Essentially, “tromboning” means focusing in and out on a certain object (sort of like how a trombone slides forward and backward). Not only does this practice help strengthen your eye muscles—it’s like “pushups” for the focusing system, Appelbaum says—but it also heightens your sense of peripheral awareness, which is great for quelling anxiety.
“When we feel claustrophobic and we feel our body’s reaction to stress and we tense up, a lot can be done with relaxing focus, opening up periphery, and shifting how we are taking in that experience,” he adds. Think about it: With anxiety, many of us experience “tunnel vision” and lose peripheral awareness. When you have the ability to zoom out, it can almost “trick” your brain into relieving that anxiety.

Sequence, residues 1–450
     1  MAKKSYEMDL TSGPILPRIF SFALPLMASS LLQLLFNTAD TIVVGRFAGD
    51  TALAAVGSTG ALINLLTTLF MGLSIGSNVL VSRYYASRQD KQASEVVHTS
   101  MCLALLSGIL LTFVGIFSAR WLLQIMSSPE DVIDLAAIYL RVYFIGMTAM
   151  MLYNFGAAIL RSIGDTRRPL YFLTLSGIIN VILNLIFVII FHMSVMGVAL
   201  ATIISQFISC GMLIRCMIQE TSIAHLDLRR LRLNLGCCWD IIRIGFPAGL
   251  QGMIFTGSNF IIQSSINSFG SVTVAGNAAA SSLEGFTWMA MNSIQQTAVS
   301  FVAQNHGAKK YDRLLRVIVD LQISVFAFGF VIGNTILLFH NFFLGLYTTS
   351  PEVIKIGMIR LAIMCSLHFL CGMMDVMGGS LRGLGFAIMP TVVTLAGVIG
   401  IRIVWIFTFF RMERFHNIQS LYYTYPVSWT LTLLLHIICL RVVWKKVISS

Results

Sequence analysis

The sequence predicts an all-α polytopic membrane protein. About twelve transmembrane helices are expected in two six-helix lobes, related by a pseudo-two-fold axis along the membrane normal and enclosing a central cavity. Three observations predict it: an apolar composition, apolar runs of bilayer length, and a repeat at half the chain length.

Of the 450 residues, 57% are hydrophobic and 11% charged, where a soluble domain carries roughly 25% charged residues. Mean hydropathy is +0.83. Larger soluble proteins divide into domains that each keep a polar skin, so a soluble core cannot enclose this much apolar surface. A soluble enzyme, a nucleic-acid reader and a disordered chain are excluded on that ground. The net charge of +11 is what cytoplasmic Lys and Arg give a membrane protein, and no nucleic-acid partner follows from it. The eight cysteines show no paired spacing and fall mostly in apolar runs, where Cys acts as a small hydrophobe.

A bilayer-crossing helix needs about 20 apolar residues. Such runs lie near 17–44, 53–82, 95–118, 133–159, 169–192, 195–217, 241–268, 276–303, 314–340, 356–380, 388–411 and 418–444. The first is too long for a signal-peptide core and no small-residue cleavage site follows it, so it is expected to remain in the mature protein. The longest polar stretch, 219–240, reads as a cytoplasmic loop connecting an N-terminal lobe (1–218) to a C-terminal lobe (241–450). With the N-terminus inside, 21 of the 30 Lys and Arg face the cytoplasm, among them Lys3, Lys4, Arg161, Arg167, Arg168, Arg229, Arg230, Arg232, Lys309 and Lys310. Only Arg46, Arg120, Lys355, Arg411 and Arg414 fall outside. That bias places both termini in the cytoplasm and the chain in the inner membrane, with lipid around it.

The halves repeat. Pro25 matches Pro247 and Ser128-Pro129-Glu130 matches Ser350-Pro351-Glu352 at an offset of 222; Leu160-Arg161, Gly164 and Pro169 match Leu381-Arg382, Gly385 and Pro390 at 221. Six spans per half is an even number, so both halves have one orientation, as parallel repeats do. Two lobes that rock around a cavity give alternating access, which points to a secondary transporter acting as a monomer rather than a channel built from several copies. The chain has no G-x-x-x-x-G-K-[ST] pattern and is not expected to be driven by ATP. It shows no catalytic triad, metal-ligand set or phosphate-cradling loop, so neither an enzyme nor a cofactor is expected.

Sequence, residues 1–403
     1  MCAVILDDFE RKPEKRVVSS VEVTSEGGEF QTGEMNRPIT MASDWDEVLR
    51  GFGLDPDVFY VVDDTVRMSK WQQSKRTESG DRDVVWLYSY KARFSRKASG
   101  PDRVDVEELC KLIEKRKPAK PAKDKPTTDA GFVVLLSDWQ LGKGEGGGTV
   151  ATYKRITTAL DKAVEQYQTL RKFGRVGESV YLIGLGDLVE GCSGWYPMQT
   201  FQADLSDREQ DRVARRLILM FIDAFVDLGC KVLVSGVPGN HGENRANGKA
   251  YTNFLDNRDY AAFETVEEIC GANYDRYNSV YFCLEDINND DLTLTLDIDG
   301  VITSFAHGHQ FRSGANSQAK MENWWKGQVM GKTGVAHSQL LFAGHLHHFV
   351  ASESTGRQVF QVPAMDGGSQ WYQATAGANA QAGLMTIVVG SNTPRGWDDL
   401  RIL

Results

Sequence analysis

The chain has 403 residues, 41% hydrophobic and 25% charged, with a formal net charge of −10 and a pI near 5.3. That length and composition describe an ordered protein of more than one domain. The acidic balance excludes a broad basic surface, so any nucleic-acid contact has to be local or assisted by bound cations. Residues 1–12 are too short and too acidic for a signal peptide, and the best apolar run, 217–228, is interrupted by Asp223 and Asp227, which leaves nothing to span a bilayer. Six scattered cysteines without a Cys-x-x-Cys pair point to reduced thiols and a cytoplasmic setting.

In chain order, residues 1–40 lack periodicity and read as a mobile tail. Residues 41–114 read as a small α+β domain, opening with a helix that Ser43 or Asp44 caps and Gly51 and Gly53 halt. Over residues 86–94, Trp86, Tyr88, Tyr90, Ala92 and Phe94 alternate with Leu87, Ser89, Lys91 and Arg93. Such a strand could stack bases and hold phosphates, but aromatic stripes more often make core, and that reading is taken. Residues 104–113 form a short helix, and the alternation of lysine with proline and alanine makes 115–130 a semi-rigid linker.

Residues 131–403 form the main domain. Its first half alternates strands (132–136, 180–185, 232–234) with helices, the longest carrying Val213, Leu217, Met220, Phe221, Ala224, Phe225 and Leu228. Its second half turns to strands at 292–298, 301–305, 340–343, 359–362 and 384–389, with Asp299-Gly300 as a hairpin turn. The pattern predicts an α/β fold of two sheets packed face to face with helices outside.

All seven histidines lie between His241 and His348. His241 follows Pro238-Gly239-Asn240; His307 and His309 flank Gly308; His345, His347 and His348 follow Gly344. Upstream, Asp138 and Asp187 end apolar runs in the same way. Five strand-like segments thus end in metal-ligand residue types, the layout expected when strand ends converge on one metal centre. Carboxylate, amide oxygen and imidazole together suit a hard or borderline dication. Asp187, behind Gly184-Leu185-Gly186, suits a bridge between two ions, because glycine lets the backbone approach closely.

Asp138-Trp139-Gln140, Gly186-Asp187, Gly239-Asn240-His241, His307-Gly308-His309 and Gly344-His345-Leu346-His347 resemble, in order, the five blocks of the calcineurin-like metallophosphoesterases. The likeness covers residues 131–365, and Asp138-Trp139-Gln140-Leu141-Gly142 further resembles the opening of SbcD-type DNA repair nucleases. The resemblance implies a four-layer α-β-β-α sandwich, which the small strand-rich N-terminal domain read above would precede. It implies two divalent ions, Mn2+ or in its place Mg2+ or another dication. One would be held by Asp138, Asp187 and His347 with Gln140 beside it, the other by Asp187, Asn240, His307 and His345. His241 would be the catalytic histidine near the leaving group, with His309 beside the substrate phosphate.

But back to the tromboning practice: “Take a target up close with small letters on it, bring it as close as [you] can until it gets a little blurry. Stop, try and make it clear, and then bring it backward,” says Appelbaum. “You’re almost tromboning that zone. The more you practice that, the closer you’ll be able to get that image.” Feel free to start with one eye covered and alternate, if that’s easier.